The Representation of the People Act 1948
was an Act
of the Parliament of the United Kingdom
that altered the law relating to parliamentary and local elections. It is noteworthy for abolishing plural voting
, including the abolition of the twelve separate university constituency
Part I: Parliamentary Franchise and its Exercise
Part I of the Act declared that in future the United Kingdom would be divided into single-member borough constituencies
and county constituencies
. These terms replaced the former designations of parliamentary borough
/ division of a parliamentary borough and parliamentary county / division of a parliamentary county (in Scotland "burgh constituencies" replaced parliamentary burghs
). There were to be 613 such constituencies, in place of the 591 under previous legislation.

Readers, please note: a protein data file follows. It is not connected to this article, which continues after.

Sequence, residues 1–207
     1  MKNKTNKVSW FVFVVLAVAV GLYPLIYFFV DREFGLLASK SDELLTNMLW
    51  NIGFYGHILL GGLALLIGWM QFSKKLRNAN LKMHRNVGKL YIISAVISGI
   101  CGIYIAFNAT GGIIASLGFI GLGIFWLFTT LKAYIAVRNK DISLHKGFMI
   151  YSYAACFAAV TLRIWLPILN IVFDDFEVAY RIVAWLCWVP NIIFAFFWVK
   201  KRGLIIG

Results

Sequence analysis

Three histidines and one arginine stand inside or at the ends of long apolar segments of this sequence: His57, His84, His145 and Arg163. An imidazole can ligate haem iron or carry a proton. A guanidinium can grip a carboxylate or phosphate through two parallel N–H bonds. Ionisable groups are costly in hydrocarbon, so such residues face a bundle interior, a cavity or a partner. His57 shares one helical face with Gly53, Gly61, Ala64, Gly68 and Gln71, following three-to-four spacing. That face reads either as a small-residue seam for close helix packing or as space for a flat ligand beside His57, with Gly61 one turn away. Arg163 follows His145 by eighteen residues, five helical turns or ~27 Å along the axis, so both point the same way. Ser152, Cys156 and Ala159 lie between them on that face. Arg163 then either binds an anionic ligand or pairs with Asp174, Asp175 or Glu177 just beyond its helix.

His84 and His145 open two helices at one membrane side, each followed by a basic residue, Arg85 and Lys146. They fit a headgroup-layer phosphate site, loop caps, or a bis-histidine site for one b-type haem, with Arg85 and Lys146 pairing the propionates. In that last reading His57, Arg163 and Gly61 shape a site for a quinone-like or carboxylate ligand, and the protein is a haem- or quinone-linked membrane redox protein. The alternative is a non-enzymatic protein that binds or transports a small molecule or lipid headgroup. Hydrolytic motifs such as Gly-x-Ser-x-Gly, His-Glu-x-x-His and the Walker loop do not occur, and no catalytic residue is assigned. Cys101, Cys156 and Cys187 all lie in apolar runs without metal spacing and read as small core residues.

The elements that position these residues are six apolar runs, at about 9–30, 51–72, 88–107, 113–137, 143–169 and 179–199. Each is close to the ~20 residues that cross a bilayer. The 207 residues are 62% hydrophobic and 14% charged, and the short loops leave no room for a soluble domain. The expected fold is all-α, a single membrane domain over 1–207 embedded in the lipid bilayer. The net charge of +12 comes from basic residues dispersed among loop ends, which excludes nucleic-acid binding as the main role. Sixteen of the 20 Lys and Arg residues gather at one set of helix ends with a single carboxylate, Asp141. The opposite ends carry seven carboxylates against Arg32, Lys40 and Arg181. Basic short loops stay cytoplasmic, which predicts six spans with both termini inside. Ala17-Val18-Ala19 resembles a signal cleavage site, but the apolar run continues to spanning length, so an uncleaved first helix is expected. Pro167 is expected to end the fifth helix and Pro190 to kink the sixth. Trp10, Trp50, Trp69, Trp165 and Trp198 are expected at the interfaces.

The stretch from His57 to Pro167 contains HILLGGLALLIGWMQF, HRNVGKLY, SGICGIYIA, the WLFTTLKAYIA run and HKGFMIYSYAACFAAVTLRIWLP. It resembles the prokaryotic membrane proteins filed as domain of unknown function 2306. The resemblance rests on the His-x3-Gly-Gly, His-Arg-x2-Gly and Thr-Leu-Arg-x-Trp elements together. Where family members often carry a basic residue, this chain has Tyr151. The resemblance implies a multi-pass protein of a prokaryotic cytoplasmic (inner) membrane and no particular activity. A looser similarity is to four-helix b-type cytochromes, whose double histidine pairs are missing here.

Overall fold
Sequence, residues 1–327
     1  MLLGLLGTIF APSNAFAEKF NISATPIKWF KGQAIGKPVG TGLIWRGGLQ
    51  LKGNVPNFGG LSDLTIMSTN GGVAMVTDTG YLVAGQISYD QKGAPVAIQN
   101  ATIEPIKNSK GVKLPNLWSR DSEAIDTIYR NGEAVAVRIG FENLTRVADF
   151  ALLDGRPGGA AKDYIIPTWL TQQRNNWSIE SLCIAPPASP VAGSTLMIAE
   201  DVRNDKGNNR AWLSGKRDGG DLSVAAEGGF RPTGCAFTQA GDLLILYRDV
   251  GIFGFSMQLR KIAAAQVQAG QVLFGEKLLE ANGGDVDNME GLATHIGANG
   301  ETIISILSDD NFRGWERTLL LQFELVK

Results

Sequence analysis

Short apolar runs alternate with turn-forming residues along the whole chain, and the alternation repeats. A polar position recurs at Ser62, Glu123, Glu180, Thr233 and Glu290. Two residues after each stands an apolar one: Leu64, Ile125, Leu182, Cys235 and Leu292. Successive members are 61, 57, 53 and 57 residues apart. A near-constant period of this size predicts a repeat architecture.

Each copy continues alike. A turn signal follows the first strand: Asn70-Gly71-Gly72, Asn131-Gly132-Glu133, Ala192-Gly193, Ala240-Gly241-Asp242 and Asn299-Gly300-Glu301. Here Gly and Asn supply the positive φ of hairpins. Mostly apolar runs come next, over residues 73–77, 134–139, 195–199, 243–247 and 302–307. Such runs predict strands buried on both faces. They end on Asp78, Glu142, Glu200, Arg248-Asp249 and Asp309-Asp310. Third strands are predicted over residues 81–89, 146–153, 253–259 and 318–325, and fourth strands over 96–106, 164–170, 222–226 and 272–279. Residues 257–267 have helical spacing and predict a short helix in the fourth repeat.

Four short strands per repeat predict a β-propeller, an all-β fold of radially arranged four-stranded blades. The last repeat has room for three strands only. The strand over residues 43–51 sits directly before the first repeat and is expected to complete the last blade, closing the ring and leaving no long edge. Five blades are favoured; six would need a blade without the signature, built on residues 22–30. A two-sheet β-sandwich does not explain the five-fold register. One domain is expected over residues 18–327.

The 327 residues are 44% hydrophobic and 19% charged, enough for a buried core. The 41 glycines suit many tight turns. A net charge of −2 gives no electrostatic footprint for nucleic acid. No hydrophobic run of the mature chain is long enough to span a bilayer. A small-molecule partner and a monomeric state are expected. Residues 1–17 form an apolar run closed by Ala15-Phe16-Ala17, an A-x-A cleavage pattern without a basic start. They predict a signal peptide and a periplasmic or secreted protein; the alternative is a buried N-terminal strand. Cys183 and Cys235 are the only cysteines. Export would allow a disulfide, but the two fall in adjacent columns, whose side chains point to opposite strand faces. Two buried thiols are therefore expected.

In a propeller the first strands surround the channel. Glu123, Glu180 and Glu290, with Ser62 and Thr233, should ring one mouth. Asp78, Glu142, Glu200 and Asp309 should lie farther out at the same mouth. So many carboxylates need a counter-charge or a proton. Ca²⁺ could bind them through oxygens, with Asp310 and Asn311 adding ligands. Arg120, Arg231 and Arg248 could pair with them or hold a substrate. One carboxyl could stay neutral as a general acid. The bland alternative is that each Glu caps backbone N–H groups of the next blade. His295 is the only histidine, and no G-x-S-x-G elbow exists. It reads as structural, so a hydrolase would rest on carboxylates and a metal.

These were to be the only constituencies, and thus abolished the right of graduates of universities
from voting for a second MP to represent a university constituency
. Constituencies which were represented by two MPs were also abolished.
Persons eligible to vote were to be British subjects of "full age" (21 years) and "not subject to any legal incapacity to vote", provided that they were registered to vote in the constituency. Each voter was only permitted to cast a single vote in one constituency, even if for some reason, they were registered in more than one. The arrangements which had given... Read More